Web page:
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Violence against women: A state of failure

Kwanele Sosibo

Vhembe district is a rape hot spot but its budget from social development is paltry, writes Kwanele Sosibo.

When Livhuyo Vhadau* was seven months pregnant and went for a sonar scan in Hamakhuvha in Limpopo’s Thulamela local municipality, she was not suspicious when the doctor, whose name is being withheld for legal reasons, allegedly asked her to take off her maternity top before lying on the examination table.

According to 22-year-old Vhadau, who told her story to the Mail & Guardian and has given a statement to local police, the doctor manoeuvred the scanner around her stomach for a bit before asking her to take off her trousers as he had “trouble feeling the baby”.

Then he asked her to spread her thighs and brought her a stool to support one of her legs. Vhadau still thought everything was alright. The doctor stood between her legs and asked her to remove her underwear—before molesting her with his hands.

As he violated her, he apparently tried to placate her with flirtatious talk, even inviting her to his home after she had given birth.

Vhadau didn’t report the incident immediately. But two hours later, the doctor allegedly raped another patient, a 21-year-old woman, who went straight to a police station before being taken to the Tshilidzini Trauma Centre for counselling and a medical examination.

The centre is one of just two in the Thulamela municipality, the other being Donald Frazer Trauma Centre. Both are based in the hospitals they are named for and are run by the Thohoyandou Victim Empowerment Programme (TVEP), which offers advocacy and trauma services for victims of rape and domestic abuse.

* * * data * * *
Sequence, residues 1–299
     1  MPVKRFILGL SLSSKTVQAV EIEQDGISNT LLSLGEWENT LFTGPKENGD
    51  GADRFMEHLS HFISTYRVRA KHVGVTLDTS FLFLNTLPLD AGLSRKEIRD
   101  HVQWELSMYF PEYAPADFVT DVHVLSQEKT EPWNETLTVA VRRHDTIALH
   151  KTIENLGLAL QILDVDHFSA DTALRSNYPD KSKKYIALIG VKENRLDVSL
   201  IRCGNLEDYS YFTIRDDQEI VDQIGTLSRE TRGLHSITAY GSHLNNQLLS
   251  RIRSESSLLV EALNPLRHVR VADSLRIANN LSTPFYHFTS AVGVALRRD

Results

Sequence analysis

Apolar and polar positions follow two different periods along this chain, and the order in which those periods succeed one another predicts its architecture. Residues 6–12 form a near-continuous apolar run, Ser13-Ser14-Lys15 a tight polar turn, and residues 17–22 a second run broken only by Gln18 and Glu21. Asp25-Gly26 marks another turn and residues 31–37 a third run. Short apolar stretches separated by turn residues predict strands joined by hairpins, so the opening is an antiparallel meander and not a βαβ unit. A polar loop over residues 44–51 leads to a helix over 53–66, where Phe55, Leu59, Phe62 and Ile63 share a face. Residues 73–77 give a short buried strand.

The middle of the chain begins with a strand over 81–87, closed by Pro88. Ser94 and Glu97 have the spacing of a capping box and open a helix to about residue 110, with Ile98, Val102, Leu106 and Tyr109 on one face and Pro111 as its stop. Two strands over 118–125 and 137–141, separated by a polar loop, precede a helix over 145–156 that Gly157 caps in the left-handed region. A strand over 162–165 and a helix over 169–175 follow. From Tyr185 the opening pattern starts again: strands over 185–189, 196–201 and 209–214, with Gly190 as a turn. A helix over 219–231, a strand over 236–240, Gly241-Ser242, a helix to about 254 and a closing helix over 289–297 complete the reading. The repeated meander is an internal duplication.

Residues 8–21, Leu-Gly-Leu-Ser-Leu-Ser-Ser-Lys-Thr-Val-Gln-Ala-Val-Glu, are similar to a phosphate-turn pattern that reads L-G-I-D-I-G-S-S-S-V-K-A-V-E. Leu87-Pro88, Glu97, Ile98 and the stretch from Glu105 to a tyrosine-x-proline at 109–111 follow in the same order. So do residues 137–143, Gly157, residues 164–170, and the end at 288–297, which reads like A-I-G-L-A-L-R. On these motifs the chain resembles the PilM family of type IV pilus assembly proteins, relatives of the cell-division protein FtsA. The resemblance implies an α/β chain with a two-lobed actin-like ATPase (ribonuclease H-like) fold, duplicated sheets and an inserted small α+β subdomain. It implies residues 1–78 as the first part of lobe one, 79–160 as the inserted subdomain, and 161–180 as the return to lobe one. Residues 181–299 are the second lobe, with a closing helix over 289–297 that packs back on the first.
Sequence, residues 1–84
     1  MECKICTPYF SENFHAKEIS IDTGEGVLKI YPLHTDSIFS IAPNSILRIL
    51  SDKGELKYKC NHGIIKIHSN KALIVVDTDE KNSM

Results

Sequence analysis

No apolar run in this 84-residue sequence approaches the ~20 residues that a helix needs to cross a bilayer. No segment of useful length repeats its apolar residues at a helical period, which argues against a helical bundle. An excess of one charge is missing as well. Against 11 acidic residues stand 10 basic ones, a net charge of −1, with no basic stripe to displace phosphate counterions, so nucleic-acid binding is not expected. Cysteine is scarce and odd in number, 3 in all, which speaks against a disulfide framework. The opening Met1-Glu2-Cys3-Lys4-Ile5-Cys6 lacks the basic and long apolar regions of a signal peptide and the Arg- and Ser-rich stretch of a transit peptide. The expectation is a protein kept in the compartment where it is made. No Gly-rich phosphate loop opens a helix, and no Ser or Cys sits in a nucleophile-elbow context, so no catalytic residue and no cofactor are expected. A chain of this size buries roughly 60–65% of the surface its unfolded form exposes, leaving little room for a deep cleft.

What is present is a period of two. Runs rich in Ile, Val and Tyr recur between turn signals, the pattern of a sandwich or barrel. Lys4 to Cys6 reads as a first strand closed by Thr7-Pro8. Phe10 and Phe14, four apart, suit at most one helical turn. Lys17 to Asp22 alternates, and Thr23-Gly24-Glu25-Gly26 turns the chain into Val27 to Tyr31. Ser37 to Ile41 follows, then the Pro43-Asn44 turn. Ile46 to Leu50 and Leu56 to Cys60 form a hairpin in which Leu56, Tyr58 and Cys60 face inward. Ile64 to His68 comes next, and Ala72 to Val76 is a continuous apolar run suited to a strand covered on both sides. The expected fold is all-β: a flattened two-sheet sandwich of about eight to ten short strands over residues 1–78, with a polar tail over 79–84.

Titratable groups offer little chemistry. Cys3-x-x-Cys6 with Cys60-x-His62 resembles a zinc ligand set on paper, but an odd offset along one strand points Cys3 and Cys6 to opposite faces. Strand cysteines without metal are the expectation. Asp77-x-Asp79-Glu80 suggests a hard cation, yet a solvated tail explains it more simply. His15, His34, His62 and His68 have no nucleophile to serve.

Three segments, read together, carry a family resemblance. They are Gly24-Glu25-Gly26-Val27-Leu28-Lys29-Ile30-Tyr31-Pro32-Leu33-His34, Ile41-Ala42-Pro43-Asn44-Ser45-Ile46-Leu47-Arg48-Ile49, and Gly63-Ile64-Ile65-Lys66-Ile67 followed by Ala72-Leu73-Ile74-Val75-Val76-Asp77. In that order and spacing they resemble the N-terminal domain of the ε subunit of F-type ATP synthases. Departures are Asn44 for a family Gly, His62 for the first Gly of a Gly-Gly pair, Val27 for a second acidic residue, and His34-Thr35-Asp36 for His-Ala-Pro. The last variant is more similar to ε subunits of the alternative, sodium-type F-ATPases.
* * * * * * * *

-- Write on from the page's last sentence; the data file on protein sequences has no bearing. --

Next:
Only a few days later, after a TVEP legal officer went to the doctor’s rooms, did the extent of his apparent treachery begin to unravel.

Offering help
The clinic’s manager supplied a contact list of four patients who had complained about the doctor, including Vhadau. The legal officer attempted to contact the women to offer psycho social services and legal assistance. Vhadau has since pressed charges of rape.

Two of the other complainants, allegedly raped in 2009, refused help. The fourth had moved to Gauteng and could not be reached.

The doctor had also been charged with rape in 2006 but was acquitted in 2007 because of insufficient evidence.

Now he has been charged with two new counts of rape but, on Monday, he was granted bail of R30 000. In making his decision, the magistrate noted, among other things, pending forensic evidence.

While the doctor has apparently not been suspended from practising by the Health Professional Council of South Africa, the TVEP has written a letter to the council advocating his suspension.

The TVEP programme director Fiona Nicholson says: “Our ability to transform South Africa is not recognised. The way the victim empowerment programme is structured at the moment ensures no advocacy or accountability. The way they see it, we’re there to say ‘I’m sorry’.”

With erratic and often insufficient funding from the department of social development, victim empowerment programmes in the Limpopo province’s Vhembe district, a domestic violence and rape hot spot, are grinding to a halt, with many paring down their services or facing the prospect of closure.